So, in order to not end up like the editing version of our poor, potentially decapitated MMA example, make sure you are fully prepared before you go into the edit suite. Before you enter any edit session, put yourself through this mental checklist…

 

1) Do I know what it is I’m cutting?

 

– believe it or not, this happens more often than not. Many times, you’ll have a vague idea of what you are working on…but doesn’t even begin to scratch the surface if being in the right mindframe. While subject may be a simple concept to grasp…mood, tone and pace are all subjective. What is the producer/director/reporter trying to tell, and how are they trying to tell it? What emotions are they trying to convey and provoke? What audience are you cutting for? These are all questions that should be answered before you even power up your computer. If you’re on the wrong page, you’ll have it cut only to hear “It’s not quite what I was thinking. Can we start over?”. Be on the same page as those you’re working with, so you can tell the same story

 

2) Do I have all the materials I will need to cut this?

 

– depending on the complexity, length and pace of the piece/show, you may need a lot of media in order to finish the job. If you accomplished the previous step in advance (maybe a day or two before edit day), take that time to load in all of the viz and sound you’ll be working with. Batch loading takes a long time, importing and converting even longer. Nothing eats a budget faster than being able to do nothing but watch little blue/black/green bars go across your screen. If you’re lucky, you may have a junior editor hired to do this for you (be good to them, they deserve it). However, if you don’t have that luxury, make use of the time you have beforehand for this tedious, yet necessary step. If it’s importing, that can be left to run overnight….hence, doing what every editor jokes about doing…working in your sleep.

 

3) Do I have too much stuff?

 

– Yes, this happens too…all too often, sometimes. Never underestimate the power of a paper edit! If you’re doing a half-hour show, you shouldn’t need 60 hours of tape loaded in. You should have just what you need, and nothing more. If you want to realize what an important step this is, try this….load in an hour-long clip. Then take the time and scroll through to find the 2-3 minutes you need. Now, tackle the same project, but with a paper edit. You guessed it…about 5 minutes of load in time as opposed to an hour. There, doesn’t that feel better? This is even more important in a digital environment, where import times are agonizingly slow. Just bring in what you know you need, and you shorten step 2 even more.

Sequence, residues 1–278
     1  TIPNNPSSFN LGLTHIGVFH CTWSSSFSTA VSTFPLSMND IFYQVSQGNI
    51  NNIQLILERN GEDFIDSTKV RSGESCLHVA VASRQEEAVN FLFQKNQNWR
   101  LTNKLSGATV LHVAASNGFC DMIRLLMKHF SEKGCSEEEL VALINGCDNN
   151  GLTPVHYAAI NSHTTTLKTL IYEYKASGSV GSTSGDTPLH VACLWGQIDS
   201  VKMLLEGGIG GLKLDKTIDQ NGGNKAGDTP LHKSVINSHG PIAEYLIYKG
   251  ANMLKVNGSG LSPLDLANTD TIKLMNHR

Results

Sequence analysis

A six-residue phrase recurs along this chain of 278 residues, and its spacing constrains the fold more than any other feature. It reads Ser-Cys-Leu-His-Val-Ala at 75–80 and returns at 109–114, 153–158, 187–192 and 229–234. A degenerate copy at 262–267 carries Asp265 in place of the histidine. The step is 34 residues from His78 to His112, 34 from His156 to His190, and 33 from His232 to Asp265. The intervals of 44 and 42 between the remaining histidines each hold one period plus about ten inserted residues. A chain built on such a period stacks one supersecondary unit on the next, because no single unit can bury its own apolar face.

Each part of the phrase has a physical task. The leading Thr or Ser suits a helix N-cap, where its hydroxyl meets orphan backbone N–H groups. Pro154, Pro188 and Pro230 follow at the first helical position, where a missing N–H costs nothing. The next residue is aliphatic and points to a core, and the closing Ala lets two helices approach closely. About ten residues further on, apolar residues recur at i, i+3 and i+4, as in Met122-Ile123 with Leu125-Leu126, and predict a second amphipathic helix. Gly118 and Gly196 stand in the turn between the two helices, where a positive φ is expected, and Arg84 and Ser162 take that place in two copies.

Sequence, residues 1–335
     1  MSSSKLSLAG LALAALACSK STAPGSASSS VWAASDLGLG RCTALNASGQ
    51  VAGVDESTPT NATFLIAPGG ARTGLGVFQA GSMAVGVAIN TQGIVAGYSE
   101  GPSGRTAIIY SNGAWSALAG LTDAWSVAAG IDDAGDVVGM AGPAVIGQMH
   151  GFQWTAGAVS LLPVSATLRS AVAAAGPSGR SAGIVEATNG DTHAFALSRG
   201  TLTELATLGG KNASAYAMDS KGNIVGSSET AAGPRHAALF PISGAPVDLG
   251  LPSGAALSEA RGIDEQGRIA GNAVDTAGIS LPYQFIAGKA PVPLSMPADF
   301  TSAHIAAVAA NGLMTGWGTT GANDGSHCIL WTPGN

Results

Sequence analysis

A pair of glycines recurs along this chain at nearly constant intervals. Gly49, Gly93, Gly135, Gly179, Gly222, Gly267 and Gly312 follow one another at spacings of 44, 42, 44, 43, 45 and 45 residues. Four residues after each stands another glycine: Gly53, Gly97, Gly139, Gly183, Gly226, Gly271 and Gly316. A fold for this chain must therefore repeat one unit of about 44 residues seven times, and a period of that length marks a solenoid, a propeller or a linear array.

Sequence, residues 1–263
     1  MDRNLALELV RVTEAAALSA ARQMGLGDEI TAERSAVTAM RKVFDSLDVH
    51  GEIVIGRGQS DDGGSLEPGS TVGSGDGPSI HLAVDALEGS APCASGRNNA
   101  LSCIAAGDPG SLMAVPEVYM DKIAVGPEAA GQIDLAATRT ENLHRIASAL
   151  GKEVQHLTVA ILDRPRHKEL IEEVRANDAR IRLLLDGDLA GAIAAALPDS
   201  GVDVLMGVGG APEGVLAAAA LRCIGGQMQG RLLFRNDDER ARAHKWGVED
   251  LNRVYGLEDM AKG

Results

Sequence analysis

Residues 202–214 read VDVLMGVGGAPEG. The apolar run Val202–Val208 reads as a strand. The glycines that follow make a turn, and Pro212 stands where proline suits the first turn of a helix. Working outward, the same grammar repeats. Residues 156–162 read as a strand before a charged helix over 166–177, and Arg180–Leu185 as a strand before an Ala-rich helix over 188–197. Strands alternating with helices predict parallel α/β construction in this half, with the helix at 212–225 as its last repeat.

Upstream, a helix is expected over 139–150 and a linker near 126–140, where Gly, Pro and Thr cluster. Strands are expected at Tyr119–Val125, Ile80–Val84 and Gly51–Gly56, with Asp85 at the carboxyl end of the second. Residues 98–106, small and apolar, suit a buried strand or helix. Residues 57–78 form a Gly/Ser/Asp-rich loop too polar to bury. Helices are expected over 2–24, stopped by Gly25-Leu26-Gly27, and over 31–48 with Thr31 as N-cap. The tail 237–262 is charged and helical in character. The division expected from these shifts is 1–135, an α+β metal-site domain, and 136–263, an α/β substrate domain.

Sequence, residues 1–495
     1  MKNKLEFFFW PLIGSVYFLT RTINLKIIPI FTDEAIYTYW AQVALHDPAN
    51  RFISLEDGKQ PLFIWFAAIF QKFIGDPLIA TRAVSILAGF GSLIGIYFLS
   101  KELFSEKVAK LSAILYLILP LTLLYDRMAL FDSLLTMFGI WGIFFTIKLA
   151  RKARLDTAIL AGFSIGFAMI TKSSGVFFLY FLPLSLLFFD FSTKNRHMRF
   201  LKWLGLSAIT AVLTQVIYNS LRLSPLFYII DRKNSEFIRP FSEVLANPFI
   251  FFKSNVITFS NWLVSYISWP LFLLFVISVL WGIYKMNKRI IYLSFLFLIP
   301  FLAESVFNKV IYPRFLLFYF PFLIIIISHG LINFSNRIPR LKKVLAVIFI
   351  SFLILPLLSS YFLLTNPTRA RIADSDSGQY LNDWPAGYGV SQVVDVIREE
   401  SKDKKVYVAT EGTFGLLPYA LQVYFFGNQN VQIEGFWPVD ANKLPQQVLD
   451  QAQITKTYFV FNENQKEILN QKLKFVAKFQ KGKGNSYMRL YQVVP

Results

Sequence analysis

4) Get Organized!

 

– Imagine a project where you have approximately 150 clips, 27 graphic files, 4 cuts of music and 15 sound FX files which needs to be chopped into 2 segments, thereby requiring two different sequences. Doesn’t sound too bad, right? Now imagine all of that in one bin. Imagine the amount of time wasted going back and forth in that bin just trying to find one solitary clip. You want a good analogy? Grab a phone book, look at one column and try to identify one number. Non-linear editing is bad enough on the eyes, why complicate matters more? Edit systems have the ability to have multiple bins for a reason, so take advantage of that feature. Have separate bins for music and SFX, graphics, sequences, rendered files, different scenes/parts, etc. However, try not to go too overboard. As cluttered as a bin can be, a screen can be just as cluttered with too many bins. Find a happy medium that works for you…make your project layout the Ikea of bin structures. Everything in its place, and every place easy to find.

 

Notice how all of this happens before we perform edit one. The more prepared and organized that you are, the easier the actual process of editing will be when you’re on the clock. So spend as much time in preparing, and you’ll bring it in on time.